When he's not tired, ill or caught in train delays, Alun Salt works part-time for the Annals of Botany weblog. His PhD was in ancient science at the University of Leicester, but he doesn't know Richard III.

15 Responses

  1. Gav says:

    Alun it’s not bogus — it’s “BCA BOGUS™”!

  2. Tony Lloyd says:

    Make sure Simon and his team are aware of this. Jack’s your man for the legal stuff but I would have thought that this would lower the BCA’s repu­ta­tion for non-bogosity.

  3. Chris says:

    Should the BCA wish to learn more about the decipher­ment of Linear B and the his­tor­ical devel­op­ment of Greek script around this period, I can recom­mend a book to them: ‘The Code Book’, by one S. Singh, devotes almost a whole chapter to this story.

  4. alun says:

    That has to be com­ment of the month! Applause!

  5. zeno001 says:

    I just love it when someone who knows what they are talk­ing about utterly demol­ishes claims of the quack­ers! Excellent.

    Chris: Brilliant sug­ges­tion — I’ll ask Simon if he’d like to pass on an auto­graphed copy of his book to the BCA

  6. Simon Perry says:

    Genius!

    It’s been a good month for bait­ing mor­ons in areas other than sci­ence. Jack of Kent first did it with a homeopath’s legal know­ledge, now the BCA on history.

    This post is not com­plete without an excerpt from Harry Frankfurt’s “On Bullshit”.

    It is impossible for someone to lie unless he thinks he knows the truth. Producing bull­shit requires no such con­vic­tion. A per­son who lies is thereby respond­ing to the truth, and he is to that extent respect­ful of it. When an hon­est man speaks, he says only what he believes to be true; and for the liar, it is cor­res­pond­ingly indis­pens­able that he con­siders his state­ments to be false. For the bull­shit­ter, how­ever, all these bets are off: he is neither on the side of the true nor on the side of the false. His eye is not on the facts at all, as the eyes of the hon­est man and of the liar are, except inso­far as they may be per­tin­ent to his interest in get­ting away with what he says. He does not care whether the things he says describe real­ity cor­rectly. He just picks them out, or makes them up, to suit his purpose.”

    Sums it up perfectly.

  7. alun says:

    As a note, one of the prob­lems about writ­ing a post about the edge of libel law is that it sits on the edge of libel law. That means I can’t have com­ments which cross over the line. I couldn’t if I lived in the USA, because of the ridicu­lous reach of the English libel laws. I doubly can’t see­ing as I actu­ally live in the UK. This is why I’ve had to delete a comment.

    I’m sorry if any­one doesn’t like where I’m put­ting that line, but if it is a prob­lem then I’d recom­mend set­ting up an account at word​press​.com.

  8. alun says:

    As a note, one of the prob­lems about writ­ing a post about the edge of libel law is that it sits on the edge of libel law. That means I can’t have com­ments which cross over the line. I couldn’t if I lived in the USA, because of the ridicu­lous reach of the English libel laws. I doubly can’t see­ing as I actu­ally live in the UK. This is why I’ve had to delete a comment.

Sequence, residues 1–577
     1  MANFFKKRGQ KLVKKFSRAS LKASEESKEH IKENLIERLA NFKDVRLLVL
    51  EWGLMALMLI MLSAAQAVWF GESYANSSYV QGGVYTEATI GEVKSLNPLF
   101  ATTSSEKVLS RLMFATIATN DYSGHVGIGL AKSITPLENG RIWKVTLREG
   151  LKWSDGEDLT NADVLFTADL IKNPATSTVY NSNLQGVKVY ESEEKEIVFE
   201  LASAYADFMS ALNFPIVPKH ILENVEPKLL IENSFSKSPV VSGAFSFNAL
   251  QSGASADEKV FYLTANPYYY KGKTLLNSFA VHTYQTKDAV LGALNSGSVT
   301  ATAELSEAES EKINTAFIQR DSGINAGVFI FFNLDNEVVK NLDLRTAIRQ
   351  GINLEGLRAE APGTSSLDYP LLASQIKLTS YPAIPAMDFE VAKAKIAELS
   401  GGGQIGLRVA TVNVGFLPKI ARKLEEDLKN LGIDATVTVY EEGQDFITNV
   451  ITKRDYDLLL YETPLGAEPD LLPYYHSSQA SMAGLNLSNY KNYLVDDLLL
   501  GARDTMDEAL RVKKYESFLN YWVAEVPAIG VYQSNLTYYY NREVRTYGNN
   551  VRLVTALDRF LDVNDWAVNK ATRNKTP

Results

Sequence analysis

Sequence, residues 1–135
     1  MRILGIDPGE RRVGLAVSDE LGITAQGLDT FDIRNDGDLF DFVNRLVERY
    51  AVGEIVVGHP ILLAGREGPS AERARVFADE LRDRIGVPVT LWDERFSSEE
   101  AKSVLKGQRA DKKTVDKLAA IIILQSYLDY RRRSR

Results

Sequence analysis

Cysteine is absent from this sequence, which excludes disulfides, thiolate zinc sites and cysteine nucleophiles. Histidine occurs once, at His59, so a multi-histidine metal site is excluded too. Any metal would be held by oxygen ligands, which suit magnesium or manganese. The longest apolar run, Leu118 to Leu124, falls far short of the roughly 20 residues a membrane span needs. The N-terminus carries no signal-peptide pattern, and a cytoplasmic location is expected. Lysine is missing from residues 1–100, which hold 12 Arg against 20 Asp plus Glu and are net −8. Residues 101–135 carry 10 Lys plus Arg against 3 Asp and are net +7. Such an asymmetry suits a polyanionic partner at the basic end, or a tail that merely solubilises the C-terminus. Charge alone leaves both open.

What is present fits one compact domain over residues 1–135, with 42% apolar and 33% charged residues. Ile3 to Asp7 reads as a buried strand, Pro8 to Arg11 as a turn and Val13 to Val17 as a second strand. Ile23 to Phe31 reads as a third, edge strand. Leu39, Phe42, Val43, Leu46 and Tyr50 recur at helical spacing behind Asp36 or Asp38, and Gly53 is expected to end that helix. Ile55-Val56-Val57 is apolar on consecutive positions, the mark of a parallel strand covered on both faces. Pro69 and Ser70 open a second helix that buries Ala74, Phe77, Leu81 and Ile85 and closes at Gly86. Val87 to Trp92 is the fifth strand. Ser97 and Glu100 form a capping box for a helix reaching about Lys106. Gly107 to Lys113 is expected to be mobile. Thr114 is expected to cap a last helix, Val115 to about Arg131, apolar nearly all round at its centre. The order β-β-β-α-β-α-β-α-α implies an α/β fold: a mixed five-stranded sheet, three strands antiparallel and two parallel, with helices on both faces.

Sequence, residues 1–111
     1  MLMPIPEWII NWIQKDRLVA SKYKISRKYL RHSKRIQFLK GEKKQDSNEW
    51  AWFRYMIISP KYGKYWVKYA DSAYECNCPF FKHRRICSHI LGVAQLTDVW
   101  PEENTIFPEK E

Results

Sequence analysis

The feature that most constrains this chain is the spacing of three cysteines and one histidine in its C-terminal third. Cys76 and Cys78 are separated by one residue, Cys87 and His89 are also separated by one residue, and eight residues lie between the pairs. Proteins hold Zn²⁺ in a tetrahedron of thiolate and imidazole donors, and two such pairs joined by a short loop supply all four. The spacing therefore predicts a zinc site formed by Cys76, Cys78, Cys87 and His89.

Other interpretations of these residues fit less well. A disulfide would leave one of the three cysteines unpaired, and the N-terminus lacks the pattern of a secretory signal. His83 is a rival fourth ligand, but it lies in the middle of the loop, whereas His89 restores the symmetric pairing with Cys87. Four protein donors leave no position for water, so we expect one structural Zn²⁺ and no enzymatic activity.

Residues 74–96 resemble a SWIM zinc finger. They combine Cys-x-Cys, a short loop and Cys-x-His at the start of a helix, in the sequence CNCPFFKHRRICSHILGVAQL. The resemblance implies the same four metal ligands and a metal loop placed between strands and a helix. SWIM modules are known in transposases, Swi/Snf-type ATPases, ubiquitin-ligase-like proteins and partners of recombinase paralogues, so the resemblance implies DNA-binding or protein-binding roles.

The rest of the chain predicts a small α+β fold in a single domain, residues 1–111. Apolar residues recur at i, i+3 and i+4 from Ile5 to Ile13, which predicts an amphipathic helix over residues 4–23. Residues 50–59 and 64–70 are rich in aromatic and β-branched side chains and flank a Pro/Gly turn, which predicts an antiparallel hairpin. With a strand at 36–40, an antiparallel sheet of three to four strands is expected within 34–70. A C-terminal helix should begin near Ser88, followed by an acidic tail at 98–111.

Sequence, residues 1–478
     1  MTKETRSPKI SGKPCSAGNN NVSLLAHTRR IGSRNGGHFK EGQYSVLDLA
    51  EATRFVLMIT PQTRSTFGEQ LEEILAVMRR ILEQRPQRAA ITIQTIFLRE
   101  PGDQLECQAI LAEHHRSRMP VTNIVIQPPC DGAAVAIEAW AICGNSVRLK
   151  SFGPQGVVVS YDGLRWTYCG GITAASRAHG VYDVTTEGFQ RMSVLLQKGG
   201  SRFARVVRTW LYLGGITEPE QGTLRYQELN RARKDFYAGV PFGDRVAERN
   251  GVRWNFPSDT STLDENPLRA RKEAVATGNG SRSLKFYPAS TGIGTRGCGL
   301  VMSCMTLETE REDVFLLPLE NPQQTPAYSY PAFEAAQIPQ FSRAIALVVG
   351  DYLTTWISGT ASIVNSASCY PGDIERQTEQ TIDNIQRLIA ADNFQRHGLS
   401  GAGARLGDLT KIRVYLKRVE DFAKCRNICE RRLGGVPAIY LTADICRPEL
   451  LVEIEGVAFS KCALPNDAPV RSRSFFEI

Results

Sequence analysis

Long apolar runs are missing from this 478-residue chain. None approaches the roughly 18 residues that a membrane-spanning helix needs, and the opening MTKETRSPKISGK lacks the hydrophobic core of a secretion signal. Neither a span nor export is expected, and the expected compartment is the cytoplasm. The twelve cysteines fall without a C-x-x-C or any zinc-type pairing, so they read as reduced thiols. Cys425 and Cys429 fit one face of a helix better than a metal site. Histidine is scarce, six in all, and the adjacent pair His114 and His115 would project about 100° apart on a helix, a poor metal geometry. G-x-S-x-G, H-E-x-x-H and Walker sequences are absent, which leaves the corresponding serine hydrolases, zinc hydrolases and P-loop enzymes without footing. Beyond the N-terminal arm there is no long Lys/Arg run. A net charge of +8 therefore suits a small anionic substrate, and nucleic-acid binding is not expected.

I’m sorry if any­one doesn’t like where I’m put­ting that line, but if it is a prob­lem then I’d recom­mend set­ting up an account at word​press​.com.

  9. Rodney says:

    Alan, I can offer a little more inform­a­tion about this: it’s a story that has grown in the telling, because the people who repeat it lack basic crit­ical skills. Many chiro­practic sites repeat the claim, without cita­tion, that the prac­tice dates back to 2700 BCE. Some how­ever are a little more accur­ate: “One of the earli­est indic­a­tions of soft tis­sue manip­u­la­tion is demon­strated by the ancient Chinese Kong Fou Document writ­ten about 2700 B.C., which was brought to the Western World by mis­sion­ar­ies.” (http://​www​.chiro​health​.org/​a​b​o​u​t​c​h​i​r​o​p​r​a​c​t​i​c​.​htm) Of course soft tis­sue manip­u­la­tion is mas­sage, not chiro­practic. The doc­u­ment referred to dates to the time of the legendary emperor Huangdi. But the mis­sion­ar­ies simply repeated what they had been told. Modern schol­ars believe the doc­u­ment was actu­ally writ­ten around 200 BCE or later. And it does not even men­tion mas­sage — the French mis­sion­ary, Pierre Martial Cibot (1727–1780), refers else­where to mas­sage as some­thing he has seen done (though there is little doubt that it was already long prac­tised by then). The Chinese texts may well have been based on earlier ones, but then again there was a prac­tice of append­ing new texts to older ones. (see Robert Noah Calvert, The his­tory of mas­sage: an illus­trated sur­vey from around the world, pages 35–36) The story is, dare I say, bogus.

  10. alun says:

    Thanks, that’s help­ful if a bit dis­ap­point­ing. I didn’t ser­i­ously think they’d uncovered rad­ic­ally earlier writ­ings, but I thought they could have found some mater­ial that was 1500 years old (rather than 1500 BC) that I didn’t know about. Oh well, it’s not like I’m short of things to look at, so I can spend time look­ing at some­thing more productive. :)

  1. October 26, 2009

    […] Salt has done a little research, and it turns out the BCA seem to believe that they have dis­covered and trans­lated ground-breaking […]

  2. October 27, 2009

    […] Simon Perry made the com­ment below (in red) after an amus­ing post­ing on Alun Salts […]

  3. October 27, 2009

    Social com­ments and ana­lyt­ics for this post…

    This post was men­tioned on Twitter by alun: Re: The extraordin­ary research of the BCA http://​ff​.im/​-​a​c​fYA

  4. October 31, 2009

    […] The BCA has been hold­ing out on historians! […]